Marriage and issue

Ralph Sadler married Ellen Barre, or Barrow, (née Mitchell) in 1533,[12] and by her, had three sons and four daughters:[13]

  • Thomas, named after Thomas Cromwell, who succeeded him.[14]
  • Edward of Temple Dinsley, Hertfordshire
  • Henry of Everley, Wiltshire;
  • Anne
  • Mary
  • Jane
  • Dorothy

Ellen had been married to Matthew Barre of Sevenoaks in Kent, and in 1545 it was discovered that Barre was still alive.[15][16][17][18][19] A version of Ellen's story was given by an Elizabethan writer, Nicolas Sander, and cast doubt on her character. Sander claimed that Ellen was related to Thomas Cromwell, and she had worked for him as a laundress.[20] The 17th-century historian Gilbert Burnet considered that Sander's story was a fiction.[21][22] Sander was a Jesuit, a Catholic recusant writing with an agenda. He took delight in attempting to discredit leading public figures in England. It is significant that there was no scandal surrounding the marriage between Ellen and Ralph when it took place in 1533.

Ellen Mitchell and Matthew Barre had been legally married in 1526, in Dunmow in Essex. Ellen had two daughters by him, however Barre had abandoned her and their children and gone abroad. Ellen stayed in Dunmow for about a year making extensive enquiries about her husband's whereabouts. She then became a servant of the prioress at the nunnery of Clerkenwell. Determined to find her husband, she then went to her husband's place of birth where together with her brothers-in-law made further enquiries which were again fruitless. Finding herself in despair, she returned to Clerkenwell. 'Soon after which, a man belonging to the city of Salisbury, positively assured her that her husband was dead.' [23] By the recommendation of the Prioress of Clerkenwell, Ellen entered the service of Thomas Cromwell's mother-in-law, Mercy Pryor, and was residing in his house when Ralph Sadler became enamoured of her.[23] Ralph Sadler and Ellen married, believing that Matthew Barre was dead.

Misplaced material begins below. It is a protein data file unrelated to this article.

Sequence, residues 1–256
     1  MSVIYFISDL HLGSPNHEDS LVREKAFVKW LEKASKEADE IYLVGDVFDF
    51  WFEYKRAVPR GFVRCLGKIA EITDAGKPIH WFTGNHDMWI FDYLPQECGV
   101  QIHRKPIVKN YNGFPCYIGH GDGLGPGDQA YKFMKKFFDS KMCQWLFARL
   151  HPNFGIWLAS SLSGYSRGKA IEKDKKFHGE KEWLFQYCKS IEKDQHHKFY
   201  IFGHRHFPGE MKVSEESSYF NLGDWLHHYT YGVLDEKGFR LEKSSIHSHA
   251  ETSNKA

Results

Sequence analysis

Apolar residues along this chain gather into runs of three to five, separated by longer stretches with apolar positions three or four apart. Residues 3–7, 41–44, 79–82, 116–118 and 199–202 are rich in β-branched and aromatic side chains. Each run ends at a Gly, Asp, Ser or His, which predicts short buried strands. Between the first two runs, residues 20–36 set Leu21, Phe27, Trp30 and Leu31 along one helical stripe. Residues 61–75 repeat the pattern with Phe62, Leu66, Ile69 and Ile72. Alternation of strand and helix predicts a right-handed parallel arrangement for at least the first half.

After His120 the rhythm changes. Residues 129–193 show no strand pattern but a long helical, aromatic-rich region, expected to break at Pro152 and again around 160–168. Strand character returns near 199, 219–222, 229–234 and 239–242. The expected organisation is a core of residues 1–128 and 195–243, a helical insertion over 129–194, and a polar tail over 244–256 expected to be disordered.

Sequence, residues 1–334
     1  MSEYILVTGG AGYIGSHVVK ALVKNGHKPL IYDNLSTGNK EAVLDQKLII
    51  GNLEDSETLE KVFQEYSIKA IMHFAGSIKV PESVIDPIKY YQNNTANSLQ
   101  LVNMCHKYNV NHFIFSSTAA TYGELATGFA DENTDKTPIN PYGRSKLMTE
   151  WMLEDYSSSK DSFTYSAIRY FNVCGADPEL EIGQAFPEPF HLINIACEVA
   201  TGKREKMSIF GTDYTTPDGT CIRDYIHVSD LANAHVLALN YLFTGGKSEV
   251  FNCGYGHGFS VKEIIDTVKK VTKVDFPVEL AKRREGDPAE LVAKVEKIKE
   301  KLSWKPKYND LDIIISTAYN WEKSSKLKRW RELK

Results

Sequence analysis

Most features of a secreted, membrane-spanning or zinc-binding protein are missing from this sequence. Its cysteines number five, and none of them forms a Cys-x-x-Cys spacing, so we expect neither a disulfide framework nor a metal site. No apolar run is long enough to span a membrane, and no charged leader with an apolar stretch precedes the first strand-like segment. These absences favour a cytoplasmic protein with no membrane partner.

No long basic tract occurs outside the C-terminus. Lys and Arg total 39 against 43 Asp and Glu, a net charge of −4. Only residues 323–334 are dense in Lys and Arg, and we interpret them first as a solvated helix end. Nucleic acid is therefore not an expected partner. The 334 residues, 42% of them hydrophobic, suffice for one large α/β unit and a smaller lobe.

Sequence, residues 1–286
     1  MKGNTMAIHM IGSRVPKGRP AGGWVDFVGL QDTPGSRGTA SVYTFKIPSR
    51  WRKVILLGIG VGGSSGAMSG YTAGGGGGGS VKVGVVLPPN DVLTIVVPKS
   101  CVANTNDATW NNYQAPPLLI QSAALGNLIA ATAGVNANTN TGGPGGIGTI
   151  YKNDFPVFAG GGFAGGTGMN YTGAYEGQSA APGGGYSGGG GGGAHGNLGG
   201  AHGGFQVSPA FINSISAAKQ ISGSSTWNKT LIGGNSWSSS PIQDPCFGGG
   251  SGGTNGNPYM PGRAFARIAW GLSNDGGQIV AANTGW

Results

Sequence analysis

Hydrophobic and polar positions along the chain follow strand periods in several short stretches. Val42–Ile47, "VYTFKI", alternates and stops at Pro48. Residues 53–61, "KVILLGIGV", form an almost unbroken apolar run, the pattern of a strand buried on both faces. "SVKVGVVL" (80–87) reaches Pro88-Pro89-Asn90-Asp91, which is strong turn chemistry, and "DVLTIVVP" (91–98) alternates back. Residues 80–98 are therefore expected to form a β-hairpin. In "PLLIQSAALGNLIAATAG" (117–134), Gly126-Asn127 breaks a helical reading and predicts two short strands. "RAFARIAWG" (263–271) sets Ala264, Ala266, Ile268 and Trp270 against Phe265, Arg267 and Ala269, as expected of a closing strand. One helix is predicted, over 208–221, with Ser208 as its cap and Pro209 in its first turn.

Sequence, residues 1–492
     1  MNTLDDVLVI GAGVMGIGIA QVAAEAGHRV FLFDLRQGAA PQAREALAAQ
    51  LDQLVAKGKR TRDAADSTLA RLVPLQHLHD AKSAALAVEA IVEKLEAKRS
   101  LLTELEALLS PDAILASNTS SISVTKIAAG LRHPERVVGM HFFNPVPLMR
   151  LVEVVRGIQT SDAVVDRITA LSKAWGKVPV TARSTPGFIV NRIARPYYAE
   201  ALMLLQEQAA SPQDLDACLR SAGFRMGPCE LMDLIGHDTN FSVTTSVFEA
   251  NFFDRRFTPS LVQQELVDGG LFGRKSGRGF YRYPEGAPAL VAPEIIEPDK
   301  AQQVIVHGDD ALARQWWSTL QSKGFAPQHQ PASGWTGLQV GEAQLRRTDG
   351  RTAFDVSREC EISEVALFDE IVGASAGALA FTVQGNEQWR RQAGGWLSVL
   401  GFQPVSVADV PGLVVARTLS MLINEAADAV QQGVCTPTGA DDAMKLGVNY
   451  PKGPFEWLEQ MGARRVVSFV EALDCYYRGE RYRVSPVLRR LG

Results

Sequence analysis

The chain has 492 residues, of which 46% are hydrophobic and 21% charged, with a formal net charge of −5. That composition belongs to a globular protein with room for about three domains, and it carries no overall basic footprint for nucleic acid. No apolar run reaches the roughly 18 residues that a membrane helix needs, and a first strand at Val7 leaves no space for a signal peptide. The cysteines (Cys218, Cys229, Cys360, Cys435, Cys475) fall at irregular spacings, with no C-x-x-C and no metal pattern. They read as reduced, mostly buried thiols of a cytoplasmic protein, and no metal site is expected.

More than eleven years later, much to the devoted couple's dismay, Matthew Barre returned to claim his wife. Since their marriage, Ralph and Ellen had seven surviving children, and Ralph was now a very wealthy and influential man at court whose reputation was at stake. In October 1545, Sadler returned from his work negotiating in Scotland.[24] 'Master Sadler took his matter very heavily,' Wriothesley reported to Secretary Paget.[25]

Sadler was therefore obliged to have his children legitimized by a private Act of Parliament. In 1546, this Act of Parliament (37 Hen. VIII, c.30)[26][27] was passed on Sir Ralph Sadler's behalf.[25][28][27] The Act set aside Ellen's marriage to Matthew Barre and made her marriage to Ralph Sadler a true and proper union. Sadler managed to prevent the publication of the Act and its details never appeared with the statutes of the period. The only contemporary reference to the Act appears in a document entitled 'The Unprecedented Case of Sir Ralph Sadleir' found among obscure manuscripts in the Public Record Office.[29] Matthew Barre disappeared from the scene.[30]

This episode had damaged Sadler's reputation but not irretrievably. His marriage to Ellen was saved and couple lived on happily for many years.

Death

Ellen was still alive in 1569,[31] however there is no record of her after that and there is no surviving tomb for her. Sir Ralph died on 31 March 1587. His tomb is in St. Mary's Church, Standon, Hertfordshire.[32]

Works

Sadler is one of the few Renaissance statesmen for whom we have extant Parliamentary orations, including a speech on succession in 1563 and one on subsidy in 1566. Copies of these orations appear the three volume 1809 publication of his letters, which includes a biography by Walter Scott.

Fictional portrayals

Sadler is one of the major characters in Hilary Mantel's 2009 novel Wolf Hall, which gives a fictional portrayal of Sadler's youth and early manhood in the household of Thomas Cromwell. Sadler also appears prominently in Bring Up the Bodies, Ms. Mantel's 2012 sequel to Wolf Hall. He is also a minor character in Philippa Gregory's book The Other Queen, with an account given of the time he spent as the Queen of Scots' gaoler.

References

Bibliography

  •  

External links

  • , vol. 1, Edinburgh (1809)
  • , vol. 2, Edinburgh (1809)
  • National Register of Archives, holdings indexed as relating to Sir Ralph Sadler
  • , Longman (1877)
  • SADLER, Ralph (1507-87), of Hackney, Mdx., Standon, Herts. and Lesnes, Kent. History of Parliament Online
  • Sir Ralph Sadleir Find A Grave
  • The Sadleir Web A repository of historical information for the Sadleir family history
  • Salter, Colin, Sir Ralph Sadleir (1507-1587) and the Gossips
Honorary titles
Preceded by
Sir Thomas Parry
Custos Rotulorum of Hertfordshire
bef. 1562 – 1587
Succeeded by
Sir John Brograve
Political offices
Preceded by
Sir Ambrose Cave
Chancellor of the Duchy of Lancaster
1568–1577
Succeeded by
Sir Francis Walsingham